Dr Ben Gray writes from his ward on how he's found comfort following schizophrenic episodes.

I have just spent a month in a psychiatric ward. In fact, as I write this, I’m still here. It’s my third relapse in 10 years, and the first time it lasted for nearly a year. Being in hospital is a painful experience, but it’s also a personal journey, and for me it was forming friendships on the ward that pulled me through (and continues to do so).

"Through taking part in group activities like creative writing or music therapy I became closer to people."

I’m diagnosed with schizophrenia. When I hear voices they are very negative and frightening, often saying things in a demonic hiss like “I’m an abuser” or “I’m coming. You wait until you see what I’m going to do to you!”

Being on the ward is often isolating and frightening, with people shouting at their voices and sometimes being restrained by staff. It would be better in my opinion if there was more therapeutic contact between us and the staff and more time for one-to-one supportive conversations to aid recovery.

The good thing about being in hospital is that I started taking my medication again, which I had stopped for some days (although I am quite against antipsychotic drugs because of painful, often humiliating and debilitating side effects, such as tiredness, weight gain, tremors, restlessness or the inability to sit still and muscle stiffness). But the main reason I started to feel better was as a result of friendships on the ward.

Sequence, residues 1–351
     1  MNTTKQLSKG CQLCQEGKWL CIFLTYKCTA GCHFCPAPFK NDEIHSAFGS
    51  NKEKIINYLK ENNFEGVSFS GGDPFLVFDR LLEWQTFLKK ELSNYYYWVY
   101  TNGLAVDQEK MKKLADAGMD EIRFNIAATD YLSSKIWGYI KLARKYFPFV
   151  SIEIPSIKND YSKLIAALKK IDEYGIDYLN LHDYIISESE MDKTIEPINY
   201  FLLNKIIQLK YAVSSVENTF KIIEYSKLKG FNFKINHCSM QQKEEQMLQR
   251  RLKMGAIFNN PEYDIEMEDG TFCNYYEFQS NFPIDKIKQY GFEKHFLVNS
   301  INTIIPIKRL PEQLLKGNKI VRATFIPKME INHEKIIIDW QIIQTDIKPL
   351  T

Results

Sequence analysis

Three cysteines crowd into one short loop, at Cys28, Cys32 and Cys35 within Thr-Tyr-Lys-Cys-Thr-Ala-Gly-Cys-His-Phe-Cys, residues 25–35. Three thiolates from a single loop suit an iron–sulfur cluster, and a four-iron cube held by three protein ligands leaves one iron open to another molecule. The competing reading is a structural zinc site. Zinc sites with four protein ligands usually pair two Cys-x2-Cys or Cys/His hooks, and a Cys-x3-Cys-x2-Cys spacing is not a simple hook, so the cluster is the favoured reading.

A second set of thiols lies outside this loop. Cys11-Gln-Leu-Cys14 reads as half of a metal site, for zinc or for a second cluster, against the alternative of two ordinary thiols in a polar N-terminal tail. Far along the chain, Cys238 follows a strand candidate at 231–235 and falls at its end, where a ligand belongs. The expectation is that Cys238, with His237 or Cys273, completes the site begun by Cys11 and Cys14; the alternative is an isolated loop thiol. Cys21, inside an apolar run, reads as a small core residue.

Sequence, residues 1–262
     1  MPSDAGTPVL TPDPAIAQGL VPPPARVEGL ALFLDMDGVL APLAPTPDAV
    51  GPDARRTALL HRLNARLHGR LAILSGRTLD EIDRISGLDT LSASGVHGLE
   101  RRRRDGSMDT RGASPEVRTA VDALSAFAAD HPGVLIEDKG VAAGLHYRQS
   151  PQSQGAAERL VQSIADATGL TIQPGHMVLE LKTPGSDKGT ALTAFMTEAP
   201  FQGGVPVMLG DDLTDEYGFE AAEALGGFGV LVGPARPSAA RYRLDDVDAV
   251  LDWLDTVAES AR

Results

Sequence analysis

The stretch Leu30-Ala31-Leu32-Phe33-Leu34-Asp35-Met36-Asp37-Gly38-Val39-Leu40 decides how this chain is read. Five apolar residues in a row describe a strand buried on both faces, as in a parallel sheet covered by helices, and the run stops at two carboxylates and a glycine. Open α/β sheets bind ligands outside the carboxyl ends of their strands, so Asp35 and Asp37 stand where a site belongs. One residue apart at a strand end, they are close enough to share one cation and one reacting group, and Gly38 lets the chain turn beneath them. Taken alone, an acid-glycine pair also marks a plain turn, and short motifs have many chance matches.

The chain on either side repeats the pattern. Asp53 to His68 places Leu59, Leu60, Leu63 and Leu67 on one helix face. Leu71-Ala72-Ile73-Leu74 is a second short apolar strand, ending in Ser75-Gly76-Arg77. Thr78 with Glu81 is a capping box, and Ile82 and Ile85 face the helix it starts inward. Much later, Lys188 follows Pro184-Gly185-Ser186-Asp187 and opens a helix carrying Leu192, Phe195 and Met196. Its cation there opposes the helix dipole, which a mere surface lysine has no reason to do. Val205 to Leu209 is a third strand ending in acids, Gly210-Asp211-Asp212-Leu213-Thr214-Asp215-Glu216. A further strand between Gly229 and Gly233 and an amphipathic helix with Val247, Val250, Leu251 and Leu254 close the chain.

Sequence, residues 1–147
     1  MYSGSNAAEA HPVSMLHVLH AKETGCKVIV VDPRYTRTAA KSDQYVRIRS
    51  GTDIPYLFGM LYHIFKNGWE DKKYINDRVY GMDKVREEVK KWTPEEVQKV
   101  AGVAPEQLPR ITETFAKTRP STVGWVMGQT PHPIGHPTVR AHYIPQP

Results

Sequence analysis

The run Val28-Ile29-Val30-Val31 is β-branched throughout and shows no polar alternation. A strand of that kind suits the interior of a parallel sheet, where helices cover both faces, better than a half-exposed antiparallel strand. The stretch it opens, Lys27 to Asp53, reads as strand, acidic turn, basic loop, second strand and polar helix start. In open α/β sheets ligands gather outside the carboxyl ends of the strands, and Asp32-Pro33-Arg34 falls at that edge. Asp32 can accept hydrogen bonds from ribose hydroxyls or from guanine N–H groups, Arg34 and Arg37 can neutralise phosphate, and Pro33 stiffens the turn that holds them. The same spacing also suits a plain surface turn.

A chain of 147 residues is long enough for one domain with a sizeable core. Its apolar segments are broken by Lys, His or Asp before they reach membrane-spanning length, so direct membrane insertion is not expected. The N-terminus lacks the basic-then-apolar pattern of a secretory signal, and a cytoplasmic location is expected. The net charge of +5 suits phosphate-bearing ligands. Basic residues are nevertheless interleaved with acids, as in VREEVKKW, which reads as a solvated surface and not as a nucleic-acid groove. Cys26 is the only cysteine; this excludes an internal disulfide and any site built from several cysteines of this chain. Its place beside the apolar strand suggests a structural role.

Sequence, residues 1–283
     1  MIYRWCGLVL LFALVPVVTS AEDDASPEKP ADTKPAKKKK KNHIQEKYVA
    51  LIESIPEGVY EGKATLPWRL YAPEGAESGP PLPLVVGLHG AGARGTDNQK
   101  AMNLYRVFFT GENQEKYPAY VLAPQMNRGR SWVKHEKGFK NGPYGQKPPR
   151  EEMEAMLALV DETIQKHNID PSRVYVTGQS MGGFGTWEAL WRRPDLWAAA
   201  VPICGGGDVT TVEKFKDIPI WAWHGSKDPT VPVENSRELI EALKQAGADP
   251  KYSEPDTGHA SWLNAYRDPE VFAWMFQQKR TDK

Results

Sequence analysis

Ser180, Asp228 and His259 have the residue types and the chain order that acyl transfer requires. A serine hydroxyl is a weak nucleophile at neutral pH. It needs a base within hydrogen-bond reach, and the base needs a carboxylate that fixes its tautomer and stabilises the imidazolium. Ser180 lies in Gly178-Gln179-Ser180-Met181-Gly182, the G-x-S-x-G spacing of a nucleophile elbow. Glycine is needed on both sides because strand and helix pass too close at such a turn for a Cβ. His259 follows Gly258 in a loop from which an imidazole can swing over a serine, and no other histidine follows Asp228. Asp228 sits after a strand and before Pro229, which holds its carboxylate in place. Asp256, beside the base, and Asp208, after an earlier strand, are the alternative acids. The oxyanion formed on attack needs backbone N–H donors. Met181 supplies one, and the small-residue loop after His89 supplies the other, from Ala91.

Shared progress

Befriending other people, getting their support, praying for others, and engaging in group activities, all aided in my recovery. By taking part in group activities like creative writing or music therapy, I became closer to people (not as a diagnosis of schizophrenia, bipolar disorder, or depression but as human beings with complex problems, emotions, and difficult past histories). We talked about our personal experiences, emotions, and difficulties and supported each other’s gradual progress and journey toward recovery. Importantly, I realized we were all in it together—I wasn’t alone.

I especially connected with a 70-year-old woman, Becky, who needed the care of nurses, me, and other people on the ward to make her drinks and just to hold her hand to comfort her distress. She has schizophrenia and dementia and is unable to look after herself. Recently, I took her with me to the chaplaincy group, where she said a little about herself and her two sons, which was the first group she had attended. This helped us both a lot, and we have become good friends.

Friendships—showing a little bit of love and caring for each other—make the time on the ward easier and more rewarding. It can be tough and not everyone likes going into hospital, but I think the important thing to remember is that we can all support each other. It may seem like a little thing, but having a good relationship with another human being makes all the difference.